Reading the tea leaves: What the women’s movement can learn from a victory in India

Duncan Green - November 19, 2015

This piece by Devaki Jain, an Indian feminist economist, originally appeared on the website The good news for the women’s movement in India came from Munnar, a hill station in Kerala, last month where a group of women workers won a signal battle against their employers, a tea estate by the name of Kanan Devan Hills Plantations. One of the slogans at the protest read: “We pick …

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Why being scooped by Piketty is no bad thing for Oxfam (but what will the government of India think?)

Duncan Green - November 13, 2015

Guest post from Tim Gore, Oxfam’s climate change policy czar  No-one likes to be scooped, least of all researchers who have battled through Oxfam’s internal sign-off process. But when the authors who beat you to the publication punch include one of the most famous economists in the world – as we experienced last week – we can at least be reassured that our analysis is …

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Great new IMF paper puts women’s rights at the heart of tackling income inequality

Duncan Green - November 10, 2015

The IMF continues to surprise an old lag like me who cut his policy teeth condemning it as the incarnation of extreme market idolatry and anti-poor structural adjustment programmes in the 80s and 90s. Read its new ‘staff discussion note’, Catalyst for Change: Empowering Women and Tackling Income Inequality to see why. The authors point out that ‘Income inequality and gender-related inequality can interact through …

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Marginalised youth say ‘Enough!’ Guest post by Alcinda Honwana

Duncan Green - November 3, 2015

Alcinda Honwana is Visiting Professor of International Development at the Open University. She will be giving a talk “‘Enough!’ Will Youth Protests Drive Political Change in Africa?” as part of the London School of Economics Africa public lecture series on Wednesday 18 November 2015 at 6.30 pm. Young people have caught the attention of politicians as their backing of Jeremy Corbyn in Britain, Bernie Sanders …

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Links I Liked

Duncan Green - October 26, 2015

Top geek cartoonist XKCD supports World Polio Day, while managing to satirise innovation fetishists On the other hand, for all the tech sceptics out there, here’s the price of light over the last 700 years, from Max Roser Where to go for reliable gender stats, including that 2/3 of the world’s illiterate adults are women: the UN’s new The World’s Women 2015: Trends and Statistics …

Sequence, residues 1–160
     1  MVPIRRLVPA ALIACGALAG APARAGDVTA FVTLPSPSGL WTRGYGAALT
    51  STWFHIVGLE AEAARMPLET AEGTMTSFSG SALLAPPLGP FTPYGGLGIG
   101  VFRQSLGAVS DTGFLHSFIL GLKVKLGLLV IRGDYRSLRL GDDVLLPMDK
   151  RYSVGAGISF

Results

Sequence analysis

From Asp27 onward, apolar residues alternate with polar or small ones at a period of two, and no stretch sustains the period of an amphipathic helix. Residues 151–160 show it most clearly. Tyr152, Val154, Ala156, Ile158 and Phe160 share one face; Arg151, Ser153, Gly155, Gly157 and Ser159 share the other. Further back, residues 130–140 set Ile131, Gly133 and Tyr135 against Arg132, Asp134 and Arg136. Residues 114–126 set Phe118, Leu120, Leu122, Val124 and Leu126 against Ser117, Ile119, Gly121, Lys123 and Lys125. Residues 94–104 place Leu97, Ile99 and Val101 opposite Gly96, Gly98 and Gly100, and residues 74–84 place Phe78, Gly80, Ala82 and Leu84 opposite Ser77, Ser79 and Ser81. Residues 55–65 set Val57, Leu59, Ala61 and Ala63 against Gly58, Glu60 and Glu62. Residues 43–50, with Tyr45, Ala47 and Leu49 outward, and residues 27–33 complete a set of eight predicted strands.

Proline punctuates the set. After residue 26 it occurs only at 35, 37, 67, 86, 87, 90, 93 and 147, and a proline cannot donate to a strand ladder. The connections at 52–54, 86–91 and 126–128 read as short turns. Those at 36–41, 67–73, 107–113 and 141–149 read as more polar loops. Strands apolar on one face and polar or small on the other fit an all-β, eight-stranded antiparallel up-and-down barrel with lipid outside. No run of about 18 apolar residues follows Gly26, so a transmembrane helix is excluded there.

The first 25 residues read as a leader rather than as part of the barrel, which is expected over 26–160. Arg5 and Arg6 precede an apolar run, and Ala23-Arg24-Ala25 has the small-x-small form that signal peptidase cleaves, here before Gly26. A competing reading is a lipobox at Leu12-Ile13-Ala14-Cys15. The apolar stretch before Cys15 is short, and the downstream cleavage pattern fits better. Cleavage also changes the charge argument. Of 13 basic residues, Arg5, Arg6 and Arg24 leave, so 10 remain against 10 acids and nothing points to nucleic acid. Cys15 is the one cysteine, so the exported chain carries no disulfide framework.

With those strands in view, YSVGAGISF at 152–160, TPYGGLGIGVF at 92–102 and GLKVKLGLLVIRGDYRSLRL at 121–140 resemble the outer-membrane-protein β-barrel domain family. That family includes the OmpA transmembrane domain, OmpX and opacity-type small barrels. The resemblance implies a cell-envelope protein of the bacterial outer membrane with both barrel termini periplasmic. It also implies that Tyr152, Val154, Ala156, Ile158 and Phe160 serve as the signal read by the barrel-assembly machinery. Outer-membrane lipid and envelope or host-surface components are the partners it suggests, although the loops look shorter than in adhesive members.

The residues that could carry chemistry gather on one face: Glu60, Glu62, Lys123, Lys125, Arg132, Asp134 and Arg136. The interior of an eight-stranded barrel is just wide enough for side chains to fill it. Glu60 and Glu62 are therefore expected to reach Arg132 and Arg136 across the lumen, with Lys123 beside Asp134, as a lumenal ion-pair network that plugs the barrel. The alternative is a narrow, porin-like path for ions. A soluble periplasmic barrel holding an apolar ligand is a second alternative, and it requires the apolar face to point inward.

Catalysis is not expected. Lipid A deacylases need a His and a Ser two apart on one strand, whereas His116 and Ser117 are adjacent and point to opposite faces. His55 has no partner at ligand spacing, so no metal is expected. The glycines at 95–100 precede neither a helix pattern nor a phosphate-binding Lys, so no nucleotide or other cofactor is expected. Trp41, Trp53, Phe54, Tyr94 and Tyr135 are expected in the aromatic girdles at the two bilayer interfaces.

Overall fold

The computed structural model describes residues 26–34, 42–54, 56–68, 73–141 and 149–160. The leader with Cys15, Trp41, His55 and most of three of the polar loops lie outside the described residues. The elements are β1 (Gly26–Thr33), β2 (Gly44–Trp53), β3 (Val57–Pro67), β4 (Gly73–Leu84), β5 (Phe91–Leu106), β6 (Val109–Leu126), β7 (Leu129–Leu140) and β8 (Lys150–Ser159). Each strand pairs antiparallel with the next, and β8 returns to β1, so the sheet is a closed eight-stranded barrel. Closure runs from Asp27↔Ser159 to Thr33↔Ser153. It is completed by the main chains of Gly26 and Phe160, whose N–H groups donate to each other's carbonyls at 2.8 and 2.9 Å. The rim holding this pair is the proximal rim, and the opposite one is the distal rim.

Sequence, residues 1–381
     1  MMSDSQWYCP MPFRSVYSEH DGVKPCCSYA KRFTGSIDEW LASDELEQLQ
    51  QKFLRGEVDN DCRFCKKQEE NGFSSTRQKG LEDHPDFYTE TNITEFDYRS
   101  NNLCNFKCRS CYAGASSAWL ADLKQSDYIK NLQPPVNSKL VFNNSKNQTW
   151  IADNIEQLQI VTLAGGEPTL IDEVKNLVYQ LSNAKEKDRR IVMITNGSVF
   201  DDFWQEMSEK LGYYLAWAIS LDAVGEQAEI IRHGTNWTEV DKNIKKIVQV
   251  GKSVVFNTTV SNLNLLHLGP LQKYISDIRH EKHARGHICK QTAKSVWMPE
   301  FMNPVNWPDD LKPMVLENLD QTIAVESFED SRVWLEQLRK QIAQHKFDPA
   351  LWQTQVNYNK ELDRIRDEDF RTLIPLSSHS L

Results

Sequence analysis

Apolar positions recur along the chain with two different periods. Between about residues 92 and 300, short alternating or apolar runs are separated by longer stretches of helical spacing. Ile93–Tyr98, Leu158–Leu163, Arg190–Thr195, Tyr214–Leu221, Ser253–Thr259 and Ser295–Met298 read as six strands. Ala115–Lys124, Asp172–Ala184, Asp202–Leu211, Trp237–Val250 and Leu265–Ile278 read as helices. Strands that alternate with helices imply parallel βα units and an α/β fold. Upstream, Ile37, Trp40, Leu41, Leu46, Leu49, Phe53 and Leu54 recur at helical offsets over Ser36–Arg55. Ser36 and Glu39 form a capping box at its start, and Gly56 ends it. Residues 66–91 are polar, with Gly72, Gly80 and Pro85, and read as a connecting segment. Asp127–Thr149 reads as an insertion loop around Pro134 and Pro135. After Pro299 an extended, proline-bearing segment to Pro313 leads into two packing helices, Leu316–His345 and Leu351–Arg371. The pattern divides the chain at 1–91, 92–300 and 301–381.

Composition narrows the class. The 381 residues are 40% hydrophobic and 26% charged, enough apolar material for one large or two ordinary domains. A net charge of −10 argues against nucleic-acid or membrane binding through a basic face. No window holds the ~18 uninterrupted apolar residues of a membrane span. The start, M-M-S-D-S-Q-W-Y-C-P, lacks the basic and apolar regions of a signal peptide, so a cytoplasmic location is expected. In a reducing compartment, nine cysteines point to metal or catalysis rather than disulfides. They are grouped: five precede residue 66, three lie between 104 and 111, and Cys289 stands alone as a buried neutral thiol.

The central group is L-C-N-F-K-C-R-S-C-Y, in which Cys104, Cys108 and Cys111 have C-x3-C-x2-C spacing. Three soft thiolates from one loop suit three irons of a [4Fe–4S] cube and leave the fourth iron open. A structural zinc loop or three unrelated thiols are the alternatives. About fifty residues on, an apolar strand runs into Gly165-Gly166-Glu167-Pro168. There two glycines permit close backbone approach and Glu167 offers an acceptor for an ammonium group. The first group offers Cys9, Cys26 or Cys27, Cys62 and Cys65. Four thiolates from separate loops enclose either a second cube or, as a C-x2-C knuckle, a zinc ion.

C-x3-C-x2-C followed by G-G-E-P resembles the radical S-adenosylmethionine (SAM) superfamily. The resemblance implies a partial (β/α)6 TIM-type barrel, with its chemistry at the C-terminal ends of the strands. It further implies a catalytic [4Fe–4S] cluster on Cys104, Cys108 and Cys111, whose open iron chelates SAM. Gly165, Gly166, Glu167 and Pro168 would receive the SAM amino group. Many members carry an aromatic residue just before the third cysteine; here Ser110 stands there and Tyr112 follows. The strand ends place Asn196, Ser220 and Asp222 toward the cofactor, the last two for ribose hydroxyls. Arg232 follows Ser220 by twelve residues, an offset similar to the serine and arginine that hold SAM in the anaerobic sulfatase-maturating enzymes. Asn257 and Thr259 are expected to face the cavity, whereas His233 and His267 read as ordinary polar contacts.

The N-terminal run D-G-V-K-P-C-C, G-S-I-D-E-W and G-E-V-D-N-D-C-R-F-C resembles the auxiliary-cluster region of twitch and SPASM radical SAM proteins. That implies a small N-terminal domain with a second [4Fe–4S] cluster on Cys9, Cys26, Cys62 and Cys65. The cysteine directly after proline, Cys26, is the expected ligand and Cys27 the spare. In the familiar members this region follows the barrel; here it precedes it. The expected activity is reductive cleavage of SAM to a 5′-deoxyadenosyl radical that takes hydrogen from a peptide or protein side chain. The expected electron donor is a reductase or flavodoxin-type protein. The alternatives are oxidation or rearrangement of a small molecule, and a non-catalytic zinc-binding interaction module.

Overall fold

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Can we afford the super rich?

Duncan Green - October 22, 2015

Max Lawson, Oxfam’s Head of Global Campaigns and Public Policy, unpacks the political implications of the recent Credit Suisse report on global wealth. At the beginning of this year the Economist, a right leaning newspaper, criticised Oxfam for predicting that by 2016 the world’s wealthiest 1% would hold more net wealth than the other 99% put together, calling our projection ‘simplistic and arbitrary’. Last week, …

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Do we need to think in new ways about gender and inequality?

Duncan Green - October 20, 2015

Following on from last week’s post by Naila Kabeer, Jessica Woodroffe, Director of the Gender and Development Network, argues for a change in the way we think about gender and inequality The recent launch of Oxfam’s Gender and Development Journal issue on Inequalities got me thinking about the much heralded ‘leave no one behind’ agenda in the new Sustainable Development Goals (SDGs). This concept essentially commits …

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Why it’s time to put gender into the inequality discussion

Duncan Green - October 15, 2015

LSE’s Naila Kabeer introduces a new issue of Gender and Development, which she co-edited The development industry has focused mainly on the question of absolute poverty over the past decades of neo-liberal reform.  Given the levels of deprivation that continue to exist in poorer regions of the world, this focus is not entirely misplaced. But it only tells us part of the story. The growing …

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Arguing with Angus Deaton on aid

Duncan Green - October 12, 2015

Tremendous news that Angus Deaton has won the Nobel prize in economics, particularly because this will further direct attention towards one of the great challenges of the age – rising inequality, on which Deaton is a great thinker, not least in The Great Escape, which deserves an even wider readership. Last year, I had a public exchange with him on the From Poverty to Power blog, …

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Where has the global movement against inequality got to, and what happens next?

Duncan Green - October 6, 2015

Katy Wright, Oxfam’s Head of Global External Affairs, stands back and assesses its campaign on inequality. The most frequent of the Frequently Asked Questions I’ve heard in response to Even it Up, Oxfam’s inequality campaign. is “how equal do you think we should be?” It’s an interesting response to the news that just 80 people now own the same wealth as half the world’s population …

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